organ of the people's power; is stronger
than any man or set of men; no man ie
ever indispensable to its success. [Pro
longed applause.] It ia greater and
more powerful than any class, however
numerous; therefore it is large, tolerant,
liberal, progressive, and invites to its
membership and its control all who will
uphold Democratic faith and tradition
and apply them to the people's needs.
[Applause.]
"Shall we commit the future of our
great republic to the supreme guidance
of the Democratic faith and tradition?
"There are new. lights, plenty of them.
' There are cracked, discarded lanterns
furbished up to look aB new, plenty of
them. There is a young empero* who
says: 'I rule this atate, nobody elae; fol
low me,' There is a little island where
many say : 'The atate is a first rate con
trivance for doing anything we like
with it. Let us get hold of it and do
what we think good for everybody.'
There is a vast empire where many
starve and all Bay: 'Let us call upon the
titled father, the white czar.' There
is a great republic over the
water, where all say: "We must
light one day; let us give all our
young men to the army and be ready.'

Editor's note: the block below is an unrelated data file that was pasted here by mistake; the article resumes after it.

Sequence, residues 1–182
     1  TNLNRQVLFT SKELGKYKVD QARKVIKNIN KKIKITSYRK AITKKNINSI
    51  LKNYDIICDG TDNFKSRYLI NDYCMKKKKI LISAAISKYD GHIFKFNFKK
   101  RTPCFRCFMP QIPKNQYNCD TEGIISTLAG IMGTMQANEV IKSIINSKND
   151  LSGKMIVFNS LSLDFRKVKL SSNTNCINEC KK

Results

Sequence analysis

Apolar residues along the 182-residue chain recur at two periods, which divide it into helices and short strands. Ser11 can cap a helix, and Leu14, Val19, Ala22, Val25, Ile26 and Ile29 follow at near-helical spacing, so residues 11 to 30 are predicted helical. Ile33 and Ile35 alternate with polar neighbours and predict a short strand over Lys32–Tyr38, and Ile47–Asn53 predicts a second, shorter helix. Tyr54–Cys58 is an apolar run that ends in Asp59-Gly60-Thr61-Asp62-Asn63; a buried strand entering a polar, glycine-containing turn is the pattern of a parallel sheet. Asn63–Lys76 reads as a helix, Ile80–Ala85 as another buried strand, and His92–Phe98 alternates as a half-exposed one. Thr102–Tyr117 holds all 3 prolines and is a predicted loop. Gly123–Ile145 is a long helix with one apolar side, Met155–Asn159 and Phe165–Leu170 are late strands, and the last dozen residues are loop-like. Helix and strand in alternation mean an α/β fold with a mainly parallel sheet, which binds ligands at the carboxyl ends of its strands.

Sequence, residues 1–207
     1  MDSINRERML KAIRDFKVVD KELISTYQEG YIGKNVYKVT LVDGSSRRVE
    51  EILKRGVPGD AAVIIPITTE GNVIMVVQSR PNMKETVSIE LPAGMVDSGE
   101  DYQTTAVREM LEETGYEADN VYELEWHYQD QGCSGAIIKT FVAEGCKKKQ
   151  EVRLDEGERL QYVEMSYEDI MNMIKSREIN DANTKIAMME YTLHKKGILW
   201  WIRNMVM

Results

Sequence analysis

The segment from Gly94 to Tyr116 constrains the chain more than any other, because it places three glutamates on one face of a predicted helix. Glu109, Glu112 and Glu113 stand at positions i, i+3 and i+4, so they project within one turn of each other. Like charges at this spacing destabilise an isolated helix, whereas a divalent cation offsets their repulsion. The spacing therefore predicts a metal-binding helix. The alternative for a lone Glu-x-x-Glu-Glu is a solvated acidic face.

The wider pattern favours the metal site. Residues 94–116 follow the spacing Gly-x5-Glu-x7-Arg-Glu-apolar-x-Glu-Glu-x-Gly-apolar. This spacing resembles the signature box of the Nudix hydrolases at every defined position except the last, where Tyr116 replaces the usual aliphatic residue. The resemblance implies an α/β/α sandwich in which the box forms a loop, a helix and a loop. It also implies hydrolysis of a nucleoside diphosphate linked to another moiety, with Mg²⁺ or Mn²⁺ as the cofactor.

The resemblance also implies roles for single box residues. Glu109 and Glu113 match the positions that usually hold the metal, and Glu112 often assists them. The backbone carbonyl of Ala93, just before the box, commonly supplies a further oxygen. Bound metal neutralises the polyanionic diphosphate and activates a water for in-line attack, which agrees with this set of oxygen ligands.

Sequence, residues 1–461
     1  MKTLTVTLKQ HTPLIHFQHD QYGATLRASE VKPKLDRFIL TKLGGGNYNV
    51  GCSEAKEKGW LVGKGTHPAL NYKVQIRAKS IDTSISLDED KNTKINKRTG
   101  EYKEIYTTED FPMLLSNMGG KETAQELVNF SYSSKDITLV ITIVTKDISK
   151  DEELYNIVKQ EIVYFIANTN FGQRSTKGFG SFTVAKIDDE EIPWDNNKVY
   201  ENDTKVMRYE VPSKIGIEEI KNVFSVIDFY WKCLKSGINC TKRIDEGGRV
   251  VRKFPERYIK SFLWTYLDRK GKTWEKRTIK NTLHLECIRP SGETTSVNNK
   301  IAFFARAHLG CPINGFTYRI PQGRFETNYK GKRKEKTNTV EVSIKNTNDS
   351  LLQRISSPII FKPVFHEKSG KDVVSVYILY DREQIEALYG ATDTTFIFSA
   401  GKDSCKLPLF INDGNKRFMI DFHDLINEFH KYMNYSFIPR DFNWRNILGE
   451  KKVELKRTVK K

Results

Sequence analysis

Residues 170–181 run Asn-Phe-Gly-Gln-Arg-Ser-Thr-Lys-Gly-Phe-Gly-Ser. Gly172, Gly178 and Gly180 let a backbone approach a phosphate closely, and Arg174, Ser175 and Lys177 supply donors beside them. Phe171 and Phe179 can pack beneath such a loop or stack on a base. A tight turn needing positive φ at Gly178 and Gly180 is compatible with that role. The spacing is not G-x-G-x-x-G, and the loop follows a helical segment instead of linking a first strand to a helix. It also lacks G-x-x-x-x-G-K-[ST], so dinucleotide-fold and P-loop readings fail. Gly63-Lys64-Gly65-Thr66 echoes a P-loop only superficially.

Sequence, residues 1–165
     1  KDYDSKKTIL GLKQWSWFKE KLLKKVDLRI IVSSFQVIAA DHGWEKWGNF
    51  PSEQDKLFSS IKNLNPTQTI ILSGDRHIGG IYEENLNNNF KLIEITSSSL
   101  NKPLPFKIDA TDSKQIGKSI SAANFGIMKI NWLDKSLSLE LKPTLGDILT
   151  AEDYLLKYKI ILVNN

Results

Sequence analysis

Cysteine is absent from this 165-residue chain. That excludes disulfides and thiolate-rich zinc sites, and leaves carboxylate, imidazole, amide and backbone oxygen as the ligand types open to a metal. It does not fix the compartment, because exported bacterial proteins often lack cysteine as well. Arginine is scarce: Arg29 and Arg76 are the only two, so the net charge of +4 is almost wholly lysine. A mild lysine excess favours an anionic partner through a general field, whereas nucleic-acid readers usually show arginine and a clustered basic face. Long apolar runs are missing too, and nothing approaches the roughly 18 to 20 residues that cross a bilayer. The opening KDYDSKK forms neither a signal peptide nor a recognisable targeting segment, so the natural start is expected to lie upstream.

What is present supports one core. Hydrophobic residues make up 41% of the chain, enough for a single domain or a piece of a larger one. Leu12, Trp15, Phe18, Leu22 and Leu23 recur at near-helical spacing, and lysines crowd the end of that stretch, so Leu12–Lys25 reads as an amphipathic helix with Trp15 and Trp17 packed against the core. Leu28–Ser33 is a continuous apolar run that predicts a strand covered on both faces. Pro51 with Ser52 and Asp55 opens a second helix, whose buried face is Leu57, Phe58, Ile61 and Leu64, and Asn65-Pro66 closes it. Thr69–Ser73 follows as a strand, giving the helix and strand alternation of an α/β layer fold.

But I doubt if there is anything better
anywhere than the old Democratic faith
and tradition, which finds it legitimate
to consolidate and employ the whole
physical and moral power of the social
aggregate, first, to resist, foreign aggres
sion; next and chiefly, prevent and
puniah individual aggression, in order
so to establish and maintain justice that
all shall be equally and forever free to
pursue happiness aB he will."
Senator Hill then spoke of the social
adaptations of men, which he said must
vary with their location on- the earth's
surface. Were Rhode Maud situated
in Mongolia, her present constitution
would not do at all. The constitution of
the United States would not fit the new
republic in the island of Madagascar,
To pleaae the Pacific coast, we have
made laws restricting Chinese immigra
tion. The only alteration thus far made
in our governmental structure, was
caused by the south in her propinquity
with Africans, whose type of civilization
awaits historic record. '
The senator then spoke of the endur
ance of the government of the United
States, citing Gladstone's remark that
our constitution ia among [he most
wonderful works of civilized man, and
the group of stateamen who framed it,
unmatched in any other group in human
history.
Continuing, the senator aaid: "The
late Republican congress tried to put
manacles on aouthern limbs. Tire Dem
ocratic party answered: ' Shall north
ern limba then wear the aame, or are we
all freemen now?' Never beneath thia
canopy of our surviving constitution of
an indestructible union of indestructi
ble states, a conatitution color-blind,
and equal laws, will the Democracy of
the great north and a greater west con
found and confuse your present social
problem with put and gone political
LOS ANGELES HERALD.
problems. It shocks historic sense to
witness the recent forging ot the force
bill chains."